Was I tired? Of course. Everybody’s tired. But these things needed to be done so I just pushed until they were done. I assumed that everyone was as tired as I was and we were all taking it on the chin because that is what life requires. And if I can do all this with Lyme Disease, I thought, then I must be okay.

But I was weak. In fact, it was a gym trainer who sent me to the doctor in the first place; she had been working with me for six months with absolutely no signs of increased strength — “how is that even possible?” she asked. And the mildly annoying pain in my knees and hips didn’t present in a normal fashion.  She was concerned. Shortly thereafter, a wise doctor pushed down on my knee and, when I couldn’t push back, she said, “I think we should test you for Lyme Disease.”

The test was positive, showing I’d had it for a year or more.

I did what I was told and stopped eating everything that I loved and took lots of pills and even stopped exercising in order to heal my overburdened adrenal system. I paid attention when I was tired and turned for home even when my to-do list was undone. I listened carefully to my body so I could heed its messages; and I was a little startled by how often the message of fatigue surfaced. I wondered if I was getting more fatigued or if I had previously been seriously gifted in the art of denial.

The mildly annoying pain and the daily fatigue didn’t keep me from my weekly dance class, though. It was only once a week and it was my primary physical and creative outlet. It was, as they say, my thang, my jam, the only thing I had been doing since childhood that I never grew out of. I would just hold back a little bit and it would be fine; I still secretly thought everyone else was as tired as me so surely I could manage one carefully executed dance class. My dancing was lackluster and uninspired but it was still fun.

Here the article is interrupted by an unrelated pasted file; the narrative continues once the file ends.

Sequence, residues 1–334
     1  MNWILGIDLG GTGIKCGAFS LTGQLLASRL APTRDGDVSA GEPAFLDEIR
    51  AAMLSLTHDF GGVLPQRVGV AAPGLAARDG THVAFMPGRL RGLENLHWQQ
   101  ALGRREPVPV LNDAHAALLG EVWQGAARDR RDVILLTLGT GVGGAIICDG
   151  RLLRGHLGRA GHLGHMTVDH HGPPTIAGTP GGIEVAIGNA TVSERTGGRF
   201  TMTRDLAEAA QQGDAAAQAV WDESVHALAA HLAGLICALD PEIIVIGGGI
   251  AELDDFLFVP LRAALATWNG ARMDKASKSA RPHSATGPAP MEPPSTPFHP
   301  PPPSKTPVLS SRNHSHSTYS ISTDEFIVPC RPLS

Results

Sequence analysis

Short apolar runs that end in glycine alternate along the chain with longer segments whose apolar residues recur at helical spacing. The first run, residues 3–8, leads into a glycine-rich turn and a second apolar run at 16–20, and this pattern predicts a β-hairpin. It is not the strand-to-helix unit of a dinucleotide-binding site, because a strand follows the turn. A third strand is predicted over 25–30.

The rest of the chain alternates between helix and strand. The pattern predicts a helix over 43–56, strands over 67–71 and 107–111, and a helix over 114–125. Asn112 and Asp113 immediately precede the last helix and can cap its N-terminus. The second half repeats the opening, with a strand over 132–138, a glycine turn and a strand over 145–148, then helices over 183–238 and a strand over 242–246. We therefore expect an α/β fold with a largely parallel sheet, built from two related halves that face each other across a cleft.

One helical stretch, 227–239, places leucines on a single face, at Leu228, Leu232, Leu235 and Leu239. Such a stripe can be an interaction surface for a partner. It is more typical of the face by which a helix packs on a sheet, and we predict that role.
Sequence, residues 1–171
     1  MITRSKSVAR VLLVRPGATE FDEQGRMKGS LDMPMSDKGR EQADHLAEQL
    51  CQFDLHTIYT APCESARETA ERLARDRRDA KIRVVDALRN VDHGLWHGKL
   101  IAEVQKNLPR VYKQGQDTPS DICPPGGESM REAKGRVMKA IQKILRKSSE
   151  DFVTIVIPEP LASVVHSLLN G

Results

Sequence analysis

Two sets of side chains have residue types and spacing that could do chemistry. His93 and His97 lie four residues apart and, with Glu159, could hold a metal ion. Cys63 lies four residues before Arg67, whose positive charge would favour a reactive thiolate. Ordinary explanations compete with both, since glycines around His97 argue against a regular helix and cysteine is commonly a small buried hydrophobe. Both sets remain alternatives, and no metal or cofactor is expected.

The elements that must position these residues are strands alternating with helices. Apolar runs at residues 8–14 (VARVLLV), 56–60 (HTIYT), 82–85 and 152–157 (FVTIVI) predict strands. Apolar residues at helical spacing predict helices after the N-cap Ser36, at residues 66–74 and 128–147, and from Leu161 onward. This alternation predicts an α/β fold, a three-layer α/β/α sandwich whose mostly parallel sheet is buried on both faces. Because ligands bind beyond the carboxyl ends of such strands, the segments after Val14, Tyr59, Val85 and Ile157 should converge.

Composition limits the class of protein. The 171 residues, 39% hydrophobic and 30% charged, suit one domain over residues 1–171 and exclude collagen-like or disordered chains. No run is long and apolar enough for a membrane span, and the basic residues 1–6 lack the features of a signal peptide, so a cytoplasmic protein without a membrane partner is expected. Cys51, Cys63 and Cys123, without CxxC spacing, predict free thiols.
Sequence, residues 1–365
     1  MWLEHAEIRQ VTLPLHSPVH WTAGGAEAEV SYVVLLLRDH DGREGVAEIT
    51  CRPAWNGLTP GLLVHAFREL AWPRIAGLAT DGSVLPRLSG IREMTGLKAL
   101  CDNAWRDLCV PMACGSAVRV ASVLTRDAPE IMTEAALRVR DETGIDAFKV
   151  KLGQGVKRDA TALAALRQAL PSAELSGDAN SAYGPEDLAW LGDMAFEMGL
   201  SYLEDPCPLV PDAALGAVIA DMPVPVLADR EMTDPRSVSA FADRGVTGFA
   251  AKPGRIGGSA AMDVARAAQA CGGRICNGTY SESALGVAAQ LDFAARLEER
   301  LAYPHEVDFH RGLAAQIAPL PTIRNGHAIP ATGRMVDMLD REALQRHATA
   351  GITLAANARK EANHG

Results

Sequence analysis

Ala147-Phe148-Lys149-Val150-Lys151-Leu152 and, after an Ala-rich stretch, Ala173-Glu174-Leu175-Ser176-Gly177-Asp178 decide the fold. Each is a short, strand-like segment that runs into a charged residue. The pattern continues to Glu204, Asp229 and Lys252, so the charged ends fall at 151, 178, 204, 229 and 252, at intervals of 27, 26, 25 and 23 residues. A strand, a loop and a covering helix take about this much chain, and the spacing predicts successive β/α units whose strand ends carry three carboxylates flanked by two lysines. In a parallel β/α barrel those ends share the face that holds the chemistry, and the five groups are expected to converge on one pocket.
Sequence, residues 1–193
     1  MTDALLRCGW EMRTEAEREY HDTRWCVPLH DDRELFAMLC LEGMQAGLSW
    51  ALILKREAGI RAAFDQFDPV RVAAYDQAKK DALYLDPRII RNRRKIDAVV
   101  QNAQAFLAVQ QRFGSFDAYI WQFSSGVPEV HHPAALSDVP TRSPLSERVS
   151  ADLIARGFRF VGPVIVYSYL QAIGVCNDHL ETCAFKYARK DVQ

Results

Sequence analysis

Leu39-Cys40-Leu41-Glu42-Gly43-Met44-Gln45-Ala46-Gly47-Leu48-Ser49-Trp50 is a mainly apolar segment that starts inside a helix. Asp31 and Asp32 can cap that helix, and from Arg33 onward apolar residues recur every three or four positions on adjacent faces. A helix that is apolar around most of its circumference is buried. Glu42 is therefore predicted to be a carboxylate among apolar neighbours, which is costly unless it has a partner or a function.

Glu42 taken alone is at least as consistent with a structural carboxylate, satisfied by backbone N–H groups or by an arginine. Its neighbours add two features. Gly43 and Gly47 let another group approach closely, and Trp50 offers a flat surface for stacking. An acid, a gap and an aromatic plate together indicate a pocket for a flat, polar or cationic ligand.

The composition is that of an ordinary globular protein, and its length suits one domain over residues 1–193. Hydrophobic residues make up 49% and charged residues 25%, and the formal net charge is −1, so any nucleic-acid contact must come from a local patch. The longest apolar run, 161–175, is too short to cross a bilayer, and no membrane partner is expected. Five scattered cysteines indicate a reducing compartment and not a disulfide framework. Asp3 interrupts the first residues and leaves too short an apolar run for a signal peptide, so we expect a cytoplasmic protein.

Until it wasn’t anymore.

Eventually I had to stop and grab the barre if I changed directions too quickly. I got a head rush going from plié to relevé; and very little dancing involves staying totally upright and facing forward all the time. I got injured easily and old injuries resurfaced for no reason, refusing to heal. And, most notably, when class time rolled around in the early evening, I only had enough energy left for the couch and the TV. So I stopped going. “I’ll be back!” I said. “Maybe by Christmas! Or after spring break! For sure by the recital in this summer! I’ll certainly be better by then!”  It was embarrassing.

I thought my excuses and promises were covering up my embarrassing weakness (they weren’t). And I feared that everyone thought I was either lying or lazy (they didn’t). And when I finally publicly admit that I will not be back, I publicly cry like it isn’t just a hobby we all do on Thursday nights. I cry like I’m a member of the Dance Theater of Harlem and my feet just got chopped off. It’s still the one and only time I’ve cried over this stupid, annoying disease.